Red Wines to Chill (with)

Published by Marie-Lou Galiana on 23/08/2019

Can you chill red wines? What type of red wines are best if you want to serve them cold? Digital Trainee Marie-lou Galiana heats up the debate.

Why Chill a Red Wine?

It’s the end of the summer, you’re all “rosé-d out” and thinking about how nice a bottle of red sounds. But it’s still quite warm and you love a chilled drink.

Chill your red! Some of you might think of it as blasphemy. It’s not. It actually is quite nice, providing you respect a few basic rules.

Which red wines can you chill?

Let’s get something straight first. When talking about “chilling a red” we don’t mean drinking it ice cold like you might with a rosé, we mean slightly chilled - as in 20 minutes in the fridge is probably enough. The ideal serving temperature would vary between 12 - 14 degrees.

Then it’s all about the acidity and fruit concentration of the wine. You want to look for wines that have high acidity and low tannins, so think about light grape varieties like Pinot Noir and Gamay from Burgundy. Of course, you can branch out a little and try chilling other light wines like northern Italian reds, and many German and Austrian reds also work beautifully.

Chilling a red wine will basically emphasize the fruity, juicy character of the wine and make it a much fresher style that can easily rival a nice bottle of rosé on a hot day.

Less common grape varieties that are great chilled:

If you’d like to venture even further off the beaten track, there are also some lesser-known varieties that can be enjoyed chilled such as Zweigelt, one of the native grapes from Austria. Or have you heard of Counoise? This is a great one to try chilled. It is one of the authorised varieties to use in Chateauneuf-du-Pape and has light tannins and body, yet holds bright fruits and freshness.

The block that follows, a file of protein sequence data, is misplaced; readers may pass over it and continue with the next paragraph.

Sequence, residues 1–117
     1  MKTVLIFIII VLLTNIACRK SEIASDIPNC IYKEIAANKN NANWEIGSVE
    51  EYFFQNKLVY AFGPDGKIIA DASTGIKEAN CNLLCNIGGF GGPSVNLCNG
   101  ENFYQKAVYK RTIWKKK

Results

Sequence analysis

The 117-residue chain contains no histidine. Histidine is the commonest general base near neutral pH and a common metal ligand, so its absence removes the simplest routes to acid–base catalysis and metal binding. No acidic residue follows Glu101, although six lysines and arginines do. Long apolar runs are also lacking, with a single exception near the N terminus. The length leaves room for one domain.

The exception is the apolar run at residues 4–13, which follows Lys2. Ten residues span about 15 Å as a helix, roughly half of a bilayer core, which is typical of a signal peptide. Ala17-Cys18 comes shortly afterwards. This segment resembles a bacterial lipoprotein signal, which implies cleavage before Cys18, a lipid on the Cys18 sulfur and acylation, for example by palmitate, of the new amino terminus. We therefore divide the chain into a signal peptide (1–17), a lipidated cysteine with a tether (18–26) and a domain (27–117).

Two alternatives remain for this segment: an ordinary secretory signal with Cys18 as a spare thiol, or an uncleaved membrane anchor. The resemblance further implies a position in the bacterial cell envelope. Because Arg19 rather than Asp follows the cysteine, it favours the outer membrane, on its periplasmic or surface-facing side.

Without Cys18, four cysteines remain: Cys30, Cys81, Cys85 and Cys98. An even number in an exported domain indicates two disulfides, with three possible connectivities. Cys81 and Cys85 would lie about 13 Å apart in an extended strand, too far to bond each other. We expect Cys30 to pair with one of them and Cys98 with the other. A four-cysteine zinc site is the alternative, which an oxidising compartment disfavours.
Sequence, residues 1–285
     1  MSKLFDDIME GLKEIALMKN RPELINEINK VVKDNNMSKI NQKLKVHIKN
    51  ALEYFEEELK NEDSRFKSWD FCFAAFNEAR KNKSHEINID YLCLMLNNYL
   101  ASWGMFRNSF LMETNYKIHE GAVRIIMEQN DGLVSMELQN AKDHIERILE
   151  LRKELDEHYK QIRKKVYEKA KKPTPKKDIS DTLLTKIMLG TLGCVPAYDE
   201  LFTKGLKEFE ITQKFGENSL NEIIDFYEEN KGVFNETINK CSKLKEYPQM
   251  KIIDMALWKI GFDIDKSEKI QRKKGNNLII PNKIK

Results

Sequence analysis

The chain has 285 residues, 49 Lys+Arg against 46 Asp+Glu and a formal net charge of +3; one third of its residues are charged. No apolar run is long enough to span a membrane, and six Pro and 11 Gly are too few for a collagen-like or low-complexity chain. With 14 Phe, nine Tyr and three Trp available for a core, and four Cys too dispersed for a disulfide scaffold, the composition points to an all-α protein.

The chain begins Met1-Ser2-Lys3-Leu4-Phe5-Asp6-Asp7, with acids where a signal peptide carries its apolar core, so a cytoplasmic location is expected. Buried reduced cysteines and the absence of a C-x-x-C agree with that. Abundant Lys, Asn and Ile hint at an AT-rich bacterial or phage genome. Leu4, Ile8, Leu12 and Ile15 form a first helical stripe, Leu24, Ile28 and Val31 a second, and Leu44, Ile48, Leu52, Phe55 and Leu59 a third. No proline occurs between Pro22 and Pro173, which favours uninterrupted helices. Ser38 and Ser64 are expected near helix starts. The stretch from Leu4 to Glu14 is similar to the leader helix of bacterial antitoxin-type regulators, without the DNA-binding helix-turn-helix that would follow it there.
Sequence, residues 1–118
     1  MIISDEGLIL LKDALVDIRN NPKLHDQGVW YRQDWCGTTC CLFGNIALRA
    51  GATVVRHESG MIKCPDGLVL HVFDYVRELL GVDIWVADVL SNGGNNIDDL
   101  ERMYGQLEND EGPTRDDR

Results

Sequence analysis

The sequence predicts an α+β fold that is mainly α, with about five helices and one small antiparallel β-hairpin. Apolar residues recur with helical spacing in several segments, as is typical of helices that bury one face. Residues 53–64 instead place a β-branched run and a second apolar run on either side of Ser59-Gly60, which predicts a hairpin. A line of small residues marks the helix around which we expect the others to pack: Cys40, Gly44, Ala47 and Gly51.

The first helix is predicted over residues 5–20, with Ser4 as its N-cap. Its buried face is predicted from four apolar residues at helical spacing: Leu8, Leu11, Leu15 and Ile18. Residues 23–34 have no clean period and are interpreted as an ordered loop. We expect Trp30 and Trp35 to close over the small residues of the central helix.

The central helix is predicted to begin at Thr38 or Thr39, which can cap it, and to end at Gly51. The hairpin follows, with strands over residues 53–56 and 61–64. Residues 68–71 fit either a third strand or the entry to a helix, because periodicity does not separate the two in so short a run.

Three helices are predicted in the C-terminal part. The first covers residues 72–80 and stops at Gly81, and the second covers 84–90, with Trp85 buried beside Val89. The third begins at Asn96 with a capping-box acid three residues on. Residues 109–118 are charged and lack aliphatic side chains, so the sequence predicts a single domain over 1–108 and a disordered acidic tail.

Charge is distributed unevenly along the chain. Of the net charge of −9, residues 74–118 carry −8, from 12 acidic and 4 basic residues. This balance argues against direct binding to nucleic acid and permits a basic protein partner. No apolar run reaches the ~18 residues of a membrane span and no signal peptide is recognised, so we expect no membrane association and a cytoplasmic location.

What about fuller bodied red wines then, you might ask? Well, worry not, that can also work. There are a couple of rules though: cold temperature heightens the fruits present in the wine but also the tannins, so make sure you pick a wine that’s full but has low tannins like a juicy Malbec or a lower-alcohol Zinfandel.

If really there is nothing you’d rather drink than a big Bordeaux or Californian Cabernet, then stick them in the fridge for 15min or so and that will bring out the fruit character without emphasising the tannins too much.

Food pairing suggestions for chilled reds:

As it turns out, light red varieties are incredibly versatile and therefore great food pairing wines… See below for a few dishes that work really well with chilled reds.


Happy chilling!

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Marie-Lou Galiana

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